practice problem 1
- What is the length of a seconds pendulum at a place where gravity equals the global average value of 9.81 m/s2?
- What is the period of this same pendulum if it is moved to a location near the equator where gravity equals 9.78 m/s2? How much time does the pendulum lose or gain every 30 days?
- What is the period of this same pendulum if it is moved to a location near the north pole where gravity equals 9.83 m/s2? How much time does the pendulum lose or gain every 30 days?
practice problem 2
A classroom full of students performed a simple pendulum experiment. They attached a metal cube to a length of string and let it swing freely from a horizontal clamp. They recorded the length and the period for pendulums with ten convenient lengths. Use these results to determine the acceleration due to gravity at this location.
There are two basic approaches to solving this problem graphically — a curve fit or a linear fit. Let's do them in that order.
First method: Start with the equation for the period of a simple pendulum.
|T = 2π √||ℓ|
Compare it to the equation for a generic power curve.
y = Axn
If we let…
|y = T||and||x = ℓ|
|A = 2π/√g||and||n = ½|
Set up a graph of period vs. length and fit the data to a square root curve.
Use the constant of proportionality to get the acceleration due to gravity.
Second method: Square the equation for the period of a simple pendulum.
|T2 = 4π2||ℓ|
Compare it to the equation for a straight line.
y = mx + b
If we let…
|y = T2||and||x = ℓ|
|m = 4π2/g||and||b = 0|
Set up a graph of period squared vs. length and fit the data to a straight line.
Now use the slope to get the acceleration due to gravity.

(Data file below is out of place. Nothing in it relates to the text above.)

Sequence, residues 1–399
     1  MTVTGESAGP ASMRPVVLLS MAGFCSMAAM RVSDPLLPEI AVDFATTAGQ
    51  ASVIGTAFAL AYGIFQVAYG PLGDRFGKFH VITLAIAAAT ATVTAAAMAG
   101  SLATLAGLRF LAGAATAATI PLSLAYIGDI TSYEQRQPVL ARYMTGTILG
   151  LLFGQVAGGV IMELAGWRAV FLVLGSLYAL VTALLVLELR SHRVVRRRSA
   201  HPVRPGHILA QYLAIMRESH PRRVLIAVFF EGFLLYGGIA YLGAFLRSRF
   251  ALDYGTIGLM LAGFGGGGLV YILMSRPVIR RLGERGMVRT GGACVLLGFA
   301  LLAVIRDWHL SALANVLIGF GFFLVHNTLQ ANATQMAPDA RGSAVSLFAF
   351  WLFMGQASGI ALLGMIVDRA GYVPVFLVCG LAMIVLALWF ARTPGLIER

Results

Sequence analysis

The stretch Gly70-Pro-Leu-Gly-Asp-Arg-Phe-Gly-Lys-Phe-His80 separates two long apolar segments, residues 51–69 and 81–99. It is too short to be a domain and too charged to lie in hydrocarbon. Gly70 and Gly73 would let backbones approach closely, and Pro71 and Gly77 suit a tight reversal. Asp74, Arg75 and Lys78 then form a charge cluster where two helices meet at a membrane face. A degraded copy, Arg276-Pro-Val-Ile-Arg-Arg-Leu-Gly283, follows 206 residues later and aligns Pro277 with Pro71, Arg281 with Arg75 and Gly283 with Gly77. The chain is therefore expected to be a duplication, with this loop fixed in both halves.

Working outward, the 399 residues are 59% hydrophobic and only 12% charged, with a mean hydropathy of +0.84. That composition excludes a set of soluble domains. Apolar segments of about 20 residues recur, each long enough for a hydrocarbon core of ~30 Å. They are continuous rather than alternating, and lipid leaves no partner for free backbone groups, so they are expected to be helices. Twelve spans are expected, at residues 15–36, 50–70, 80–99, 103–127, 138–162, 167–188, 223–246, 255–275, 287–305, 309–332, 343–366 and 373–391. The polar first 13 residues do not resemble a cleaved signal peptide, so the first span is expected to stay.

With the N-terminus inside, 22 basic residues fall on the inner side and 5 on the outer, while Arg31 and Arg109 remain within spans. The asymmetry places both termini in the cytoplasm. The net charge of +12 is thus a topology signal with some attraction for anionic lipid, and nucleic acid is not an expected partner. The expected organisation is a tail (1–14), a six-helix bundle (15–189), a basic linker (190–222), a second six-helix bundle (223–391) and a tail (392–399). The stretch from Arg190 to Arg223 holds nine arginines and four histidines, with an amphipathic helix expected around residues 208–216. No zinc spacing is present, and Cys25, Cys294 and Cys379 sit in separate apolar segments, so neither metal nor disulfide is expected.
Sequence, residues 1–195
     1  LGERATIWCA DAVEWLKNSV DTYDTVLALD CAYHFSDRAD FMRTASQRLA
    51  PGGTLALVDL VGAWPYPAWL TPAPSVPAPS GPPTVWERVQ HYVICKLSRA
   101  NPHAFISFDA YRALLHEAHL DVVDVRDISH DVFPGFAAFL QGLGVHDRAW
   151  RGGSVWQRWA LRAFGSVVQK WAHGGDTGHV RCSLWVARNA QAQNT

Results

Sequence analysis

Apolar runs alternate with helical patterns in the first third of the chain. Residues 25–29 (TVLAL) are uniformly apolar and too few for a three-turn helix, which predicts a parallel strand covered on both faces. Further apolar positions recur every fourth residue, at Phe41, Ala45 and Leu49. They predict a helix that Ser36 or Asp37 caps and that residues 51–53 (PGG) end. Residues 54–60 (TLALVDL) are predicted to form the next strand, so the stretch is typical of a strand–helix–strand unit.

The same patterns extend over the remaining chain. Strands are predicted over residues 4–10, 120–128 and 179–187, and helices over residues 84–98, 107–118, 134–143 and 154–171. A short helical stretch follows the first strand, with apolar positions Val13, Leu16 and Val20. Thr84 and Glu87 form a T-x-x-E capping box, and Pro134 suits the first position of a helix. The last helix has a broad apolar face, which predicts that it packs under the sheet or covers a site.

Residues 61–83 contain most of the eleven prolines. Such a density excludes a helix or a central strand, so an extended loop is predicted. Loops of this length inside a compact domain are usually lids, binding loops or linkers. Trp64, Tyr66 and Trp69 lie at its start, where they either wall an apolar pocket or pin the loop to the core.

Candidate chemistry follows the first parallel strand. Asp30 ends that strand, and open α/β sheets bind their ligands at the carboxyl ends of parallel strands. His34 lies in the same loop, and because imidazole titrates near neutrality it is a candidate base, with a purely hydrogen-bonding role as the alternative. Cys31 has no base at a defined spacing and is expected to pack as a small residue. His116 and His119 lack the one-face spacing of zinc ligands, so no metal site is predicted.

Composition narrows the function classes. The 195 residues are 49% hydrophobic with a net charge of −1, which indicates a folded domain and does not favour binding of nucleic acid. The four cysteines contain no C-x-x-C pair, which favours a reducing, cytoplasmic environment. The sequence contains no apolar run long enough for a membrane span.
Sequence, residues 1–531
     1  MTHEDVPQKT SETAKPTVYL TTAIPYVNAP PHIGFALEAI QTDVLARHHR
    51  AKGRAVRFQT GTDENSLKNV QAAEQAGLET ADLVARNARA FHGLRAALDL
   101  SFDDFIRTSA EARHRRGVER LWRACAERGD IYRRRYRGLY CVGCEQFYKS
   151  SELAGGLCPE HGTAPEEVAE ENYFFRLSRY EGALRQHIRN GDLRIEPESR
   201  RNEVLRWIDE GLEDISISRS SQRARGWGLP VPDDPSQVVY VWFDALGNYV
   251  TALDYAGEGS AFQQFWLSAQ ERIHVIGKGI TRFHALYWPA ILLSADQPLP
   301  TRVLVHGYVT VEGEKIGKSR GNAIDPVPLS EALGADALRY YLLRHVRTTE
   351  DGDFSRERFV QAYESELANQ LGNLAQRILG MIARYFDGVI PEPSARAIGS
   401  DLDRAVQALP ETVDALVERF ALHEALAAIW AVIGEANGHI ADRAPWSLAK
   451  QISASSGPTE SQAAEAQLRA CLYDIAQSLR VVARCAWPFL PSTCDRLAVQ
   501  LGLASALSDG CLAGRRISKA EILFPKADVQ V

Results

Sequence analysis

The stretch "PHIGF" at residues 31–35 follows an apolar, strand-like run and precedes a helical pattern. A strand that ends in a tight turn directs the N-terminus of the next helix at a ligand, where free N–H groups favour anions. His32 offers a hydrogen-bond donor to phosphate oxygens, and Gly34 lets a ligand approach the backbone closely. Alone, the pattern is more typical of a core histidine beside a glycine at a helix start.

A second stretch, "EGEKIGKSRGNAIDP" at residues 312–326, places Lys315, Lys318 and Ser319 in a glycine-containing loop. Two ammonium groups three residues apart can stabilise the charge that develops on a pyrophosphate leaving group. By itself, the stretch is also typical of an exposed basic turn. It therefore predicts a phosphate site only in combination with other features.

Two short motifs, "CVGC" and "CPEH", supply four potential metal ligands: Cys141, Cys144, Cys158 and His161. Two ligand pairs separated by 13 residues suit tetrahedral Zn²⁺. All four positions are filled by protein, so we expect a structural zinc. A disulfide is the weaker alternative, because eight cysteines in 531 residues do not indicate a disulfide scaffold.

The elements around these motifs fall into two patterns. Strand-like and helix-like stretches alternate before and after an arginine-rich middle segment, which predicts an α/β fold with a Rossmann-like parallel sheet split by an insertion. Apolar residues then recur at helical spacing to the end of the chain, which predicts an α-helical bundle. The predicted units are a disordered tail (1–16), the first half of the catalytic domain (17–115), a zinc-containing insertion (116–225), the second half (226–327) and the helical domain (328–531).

Bonus solutions: Start with the equation for the period of a simple pendulum.
|T = 2π √||ℓ|
Solve it for the acceleration due to gravity.
Compute g repeatedly, then compute some basic one-variable statistics. This method isn't graphical, but I'm going to display the results on a graph just to be consistent.
The most popular choice for the measure of central tendency is probably the mean (g bar).
g̅ = 9.678 m/s2
But the median is also appropriate for this problem (g tilde).
g̃ = 9.722 m/s2
How about some rhetorical questions to finish things off?
9.742 m/s2, 9.865 m/s2, 9.678 m/s2, 9.722 m/s2
Which answer is the right answer? All of the methods used were appropriate to the problem and all of the calculations done were error free, so all of them. Which answer is the best answer? That's a question that's best left to a professional statistician. What is the answer supposed to be? The answers we just computed are what they are supposed to be. The problem said to use the numbers given and determine g. We did that. What is the generally accepted value for gravity where the students conducted their experiment? I think it's 9.802 m/s2, but that's not what the problem is about.
practice problem 3
practice problem 4